Growing pains, as it turns out, are not just for preteens. It’s a phenomenon being experienced right here in Quail Creek by the Computer Club. These numbers help tell the story:
* In 2013, Computer Club instructors taught 168 classes and help clinics. Classes are generally two hour events; a total of about 336 hours instruction time, an average of 28 hours per month.
* So far in 2014 (through May), 99 classes and help clinics have been offered; an average of 20 classes per month.
* Sometimes three different classes are scheduled in a day; one at 10:00 a.m., another at 1:00 p.m. and still another at 7:00 p.m. to accommodate the needs of students and teachers alike.
Is it any wonder the club takes a bit of a break each summer? This hiatus is not altogether idle time for teachers, though. It’s a good time for evaluating class offerings and developing new classes. As new technologies are advanced, for example smartphones and tablets and updated operating systems, time needs to be taken to assess and update class materials.
One of the major challenges the club has faced over the past two to three years is the club’s rapidly growing membership. At the end of 2012 there were 183 members. By the end of 2013 361 people had joined the club, almost doubling the previous year’s total! And so far this year through April, membership has already reached 314, a very strong indication that 2014 will see continuing growth in numbers.
This increase in membership has created greater need for more classes. Demand has often outstripped availability of instructors and some Computer Club members have commented that it is often difficult to get into a particular class. Limitations on class size are determined by a couple of factors: the availability of appropriate hardware or software and the number of students who can effectively be taught by one instructor.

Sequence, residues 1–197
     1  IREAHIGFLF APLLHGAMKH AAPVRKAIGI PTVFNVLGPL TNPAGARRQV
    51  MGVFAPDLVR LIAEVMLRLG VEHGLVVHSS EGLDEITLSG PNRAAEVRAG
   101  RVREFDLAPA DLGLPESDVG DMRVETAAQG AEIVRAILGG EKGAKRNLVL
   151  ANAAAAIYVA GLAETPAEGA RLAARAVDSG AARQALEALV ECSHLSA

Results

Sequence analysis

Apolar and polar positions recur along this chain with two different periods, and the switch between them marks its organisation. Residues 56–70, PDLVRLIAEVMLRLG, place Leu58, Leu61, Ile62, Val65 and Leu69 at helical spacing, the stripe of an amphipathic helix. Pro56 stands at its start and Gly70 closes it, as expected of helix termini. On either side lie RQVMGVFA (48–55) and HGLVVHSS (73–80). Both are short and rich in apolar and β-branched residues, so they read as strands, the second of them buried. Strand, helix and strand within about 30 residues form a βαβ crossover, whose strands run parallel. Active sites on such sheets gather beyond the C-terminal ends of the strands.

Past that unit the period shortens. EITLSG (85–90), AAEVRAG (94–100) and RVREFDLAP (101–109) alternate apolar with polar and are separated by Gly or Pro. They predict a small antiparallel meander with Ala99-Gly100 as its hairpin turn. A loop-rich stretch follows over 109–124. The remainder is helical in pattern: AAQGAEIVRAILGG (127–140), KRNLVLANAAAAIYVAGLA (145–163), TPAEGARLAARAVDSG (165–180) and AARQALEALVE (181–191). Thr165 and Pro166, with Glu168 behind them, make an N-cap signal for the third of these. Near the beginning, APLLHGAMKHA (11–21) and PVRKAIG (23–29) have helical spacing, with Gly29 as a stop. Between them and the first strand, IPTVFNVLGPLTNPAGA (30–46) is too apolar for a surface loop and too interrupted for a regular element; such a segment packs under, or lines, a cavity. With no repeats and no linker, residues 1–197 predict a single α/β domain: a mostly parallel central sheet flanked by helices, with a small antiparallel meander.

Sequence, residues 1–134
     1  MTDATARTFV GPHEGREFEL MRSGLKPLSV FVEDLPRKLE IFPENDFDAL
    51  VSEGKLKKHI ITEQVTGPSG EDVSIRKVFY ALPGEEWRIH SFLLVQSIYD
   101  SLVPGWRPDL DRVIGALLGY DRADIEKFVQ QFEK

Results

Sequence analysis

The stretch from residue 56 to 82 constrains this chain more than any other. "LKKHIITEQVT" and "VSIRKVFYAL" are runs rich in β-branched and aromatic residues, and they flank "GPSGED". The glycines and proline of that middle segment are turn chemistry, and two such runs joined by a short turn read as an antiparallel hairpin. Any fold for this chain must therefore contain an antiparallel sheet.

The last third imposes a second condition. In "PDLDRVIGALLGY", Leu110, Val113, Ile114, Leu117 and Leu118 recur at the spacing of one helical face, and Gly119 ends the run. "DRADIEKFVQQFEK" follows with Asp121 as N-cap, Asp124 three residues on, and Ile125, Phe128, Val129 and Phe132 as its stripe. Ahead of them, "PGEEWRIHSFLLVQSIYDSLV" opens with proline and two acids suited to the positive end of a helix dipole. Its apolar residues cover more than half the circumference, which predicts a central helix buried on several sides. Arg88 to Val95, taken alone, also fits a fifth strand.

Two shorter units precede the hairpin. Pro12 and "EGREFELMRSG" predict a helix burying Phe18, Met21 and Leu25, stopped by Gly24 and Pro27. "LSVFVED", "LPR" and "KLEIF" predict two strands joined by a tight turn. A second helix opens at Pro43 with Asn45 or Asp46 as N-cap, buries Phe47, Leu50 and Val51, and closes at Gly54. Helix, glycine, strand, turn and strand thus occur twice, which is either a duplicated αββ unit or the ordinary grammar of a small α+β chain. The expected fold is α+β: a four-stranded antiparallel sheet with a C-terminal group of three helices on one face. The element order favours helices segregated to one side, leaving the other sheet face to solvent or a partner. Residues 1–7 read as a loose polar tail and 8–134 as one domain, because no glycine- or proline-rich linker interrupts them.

An obvious solution to this problem is seemingly simple: Add more instructors and helpers to allow more classes to be scheduled. That means that more of the club’s members are needed to step forward. Instructors who have been teaching in recent years do so because it’s very rewarding work. Students are grateful for the opportunity to continue to learn and the payoff for instructors is the heartfelt gratitude of their students.
Anyone who thinks he or she might be interested in teaching or helping out in class should contact either Rand Hoffman (email@example.com) or Steve Pruess (firstname.lastname@example.org). The club offers orientation for new instructors and helpers and experienced teachers will be available to help in any way possible. A teacher need not be an expert but merely be willing to share knowledge on a particular program or operating system.